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CEO Daily Brief – Dec. 14, 2010

Federal Judge Says Obama Health Insurance Law Violates Constitution CEOs who don’t want to see health insurance mandates got an …

Federal Judge Says Obama Health Insurance Law Violates Constitution

CEOs who don’t want to see health insurance mandates got an inkling of good news this week after a federal judge ruled that part of the Obama health insurance reform is unconstitutional. Many businesses have also complained that the law puts too many burdens on employers, and may be part of the reason that large numbers of organizations are reluctant to hire additional employees. This week’s decision does not unravel the health insurance reform law, since the federal judge’s ruling will likely be appealed. But many Republicans were happy to hear about the ruling.

“Today’s ruling is a clear affirmation that President Obama’s health care law is unconstitutional,” Virginia Rep. Eric Cantor, the likely next House majority leader said in a statement, as reported by The Wall Street Journal. The likely House Speaker, John Boehner (R., Ohio), called the ruling “an encouraging sign for families and small business owners,” reports The Journal.

Most of the most expensive requirements of the health insurance reform package do not take effect for a couple of years. Republicans may try to repeal some if not all of its major provisions.

U.S. District Judge Henry E. Hudson said the law’s requirement that most Americans carry insurance goes against the U.S. Constitution.

Hudson did not approve an injunction to block implementing the law. His ruling was narrower in focus. “At its core, this dispute is not simply about regulating the business of insurance—or crafting a scheme of universal health insurance coverage—it’s about an individual’s right to choose to participate,” Hudson said in part.

The issue may end up being decided by the U.S. Supreme Court. The Obama administration says the government has the authority to require Americans to carry insurance because of Congress’s ability to regulate interstate commerce. For more from The Wall Street Journal about the ruling on health insurance, please click here.

Free Trade Agreements Would Help U.S. Businesses

The recent progress on refining a proposed trade agreement between the United States and Korea has led to a document that is more likely to be approved by Congress. There are many benefits to the agreement. U.S. Ambassador Ron Kirk says the tariff cuts alone in the proposed U.S. – Korea trade agreement will increase exports of American goods and services by $10 to $11 billion. In addition, U.S. officials say the agreement will create over 70,000 new jobs for Americans. In addition, the agreement may likely increase the number of American jobs in the auto sector by improving market access in Korea. It will give American companies the chance to build their business there. American agricultural companies may also gain from the U.S.- Korea trade agreement. In 2009, Koreans spent almost $4 billion on American agriculture. The agreement would eliminate duties on wheat, corn, cotton, cherries, pistachios and other crops.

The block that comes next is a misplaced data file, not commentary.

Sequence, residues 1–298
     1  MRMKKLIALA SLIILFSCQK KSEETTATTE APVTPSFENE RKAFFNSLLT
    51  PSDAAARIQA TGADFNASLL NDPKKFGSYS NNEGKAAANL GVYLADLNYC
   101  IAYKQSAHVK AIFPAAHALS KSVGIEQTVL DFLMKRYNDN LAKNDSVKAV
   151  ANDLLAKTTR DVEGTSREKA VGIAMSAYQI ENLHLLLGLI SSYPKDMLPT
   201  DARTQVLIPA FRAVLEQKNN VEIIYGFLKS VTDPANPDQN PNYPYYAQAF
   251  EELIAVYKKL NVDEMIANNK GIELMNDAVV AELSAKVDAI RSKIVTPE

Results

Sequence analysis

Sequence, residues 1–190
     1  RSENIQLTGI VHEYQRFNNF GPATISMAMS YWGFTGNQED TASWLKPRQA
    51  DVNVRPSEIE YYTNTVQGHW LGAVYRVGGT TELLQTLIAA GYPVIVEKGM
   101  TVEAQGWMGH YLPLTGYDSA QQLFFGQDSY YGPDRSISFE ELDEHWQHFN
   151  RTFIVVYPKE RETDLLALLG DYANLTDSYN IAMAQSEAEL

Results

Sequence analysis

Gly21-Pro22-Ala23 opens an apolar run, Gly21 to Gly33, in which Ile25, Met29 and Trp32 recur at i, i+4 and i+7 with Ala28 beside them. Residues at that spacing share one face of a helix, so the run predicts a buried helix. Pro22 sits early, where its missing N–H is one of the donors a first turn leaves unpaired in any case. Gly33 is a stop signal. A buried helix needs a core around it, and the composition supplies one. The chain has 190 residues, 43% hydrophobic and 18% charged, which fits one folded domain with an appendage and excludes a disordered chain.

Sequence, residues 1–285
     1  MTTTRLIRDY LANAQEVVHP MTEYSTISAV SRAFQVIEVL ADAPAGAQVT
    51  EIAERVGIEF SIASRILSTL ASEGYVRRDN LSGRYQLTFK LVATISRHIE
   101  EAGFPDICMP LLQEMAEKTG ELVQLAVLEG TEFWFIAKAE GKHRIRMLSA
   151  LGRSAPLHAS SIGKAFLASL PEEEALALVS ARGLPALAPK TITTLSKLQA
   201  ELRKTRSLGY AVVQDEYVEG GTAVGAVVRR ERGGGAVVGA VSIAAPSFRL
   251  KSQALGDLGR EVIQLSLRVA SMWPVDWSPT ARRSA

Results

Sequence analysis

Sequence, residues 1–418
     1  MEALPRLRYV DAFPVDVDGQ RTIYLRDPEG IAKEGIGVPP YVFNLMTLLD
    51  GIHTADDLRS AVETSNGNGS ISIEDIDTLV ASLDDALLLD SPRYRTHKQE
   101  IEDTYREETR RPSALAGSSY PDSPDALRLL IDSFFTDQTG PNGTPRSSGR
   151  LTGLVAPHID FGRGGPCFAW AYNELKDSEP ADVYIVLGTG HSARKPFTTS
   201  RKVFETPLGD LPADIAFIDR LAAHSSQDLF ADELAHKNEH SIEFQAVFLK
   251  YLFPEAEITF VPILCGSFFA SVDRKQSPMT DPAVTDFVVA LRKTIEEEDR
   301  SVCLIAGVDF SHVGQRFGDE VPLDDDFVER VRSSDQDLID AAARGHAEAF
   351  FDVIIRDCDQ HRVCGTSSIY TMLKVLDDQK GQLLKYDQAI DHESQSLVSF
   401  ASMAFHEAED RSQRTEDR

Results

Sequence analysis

But the agreement is just a starting point. There is a pending free trade agreement with Colombia. Many Democrats have been reluctant to support it because of concerns with the Colombian government’s record on workers’ rights and other issues. The fact is that the trade agreement between the two countries would create more jobs for workers in both countries.

For more about the U.S.-Korea trade agreement, please click here.

Salaries for CEOs of Public Companies in Israel Have Doubled

CEOs in the United States are not the only ones who are getting their salaries scrutinized. The salaries of CEOs of companies, which are traded on the Tel Aviv Stock Exchange, have doubled in 15 years, according to the Bank of Israel.

The average salary of the Israeli CEO in the study grew 104 percent between 1995 and 2009.

The Israeli companies whose CEOs had the highest salaries were: banks, insurance companies and financial services companies.

As Israel’s economy becomes more competitive and individual businesses grow, the demands placed on the CEOs are greater. It is no accident that CEO salaries increased. Much like the United States, Israeli CEO salaries were influenced by the size of the company, earnings and performance.

In case of Israel, CEOs were not rewarded for the business’s long-term performance, but for short term (up to two years) performance. Israel’s high-tech sector, like the one in the United States, is fueling much of the economy’s growth. These sectors need to compensate chief executives appropriately.

For more about CEO salaries in Israel from Israeli Diamond, please click here.

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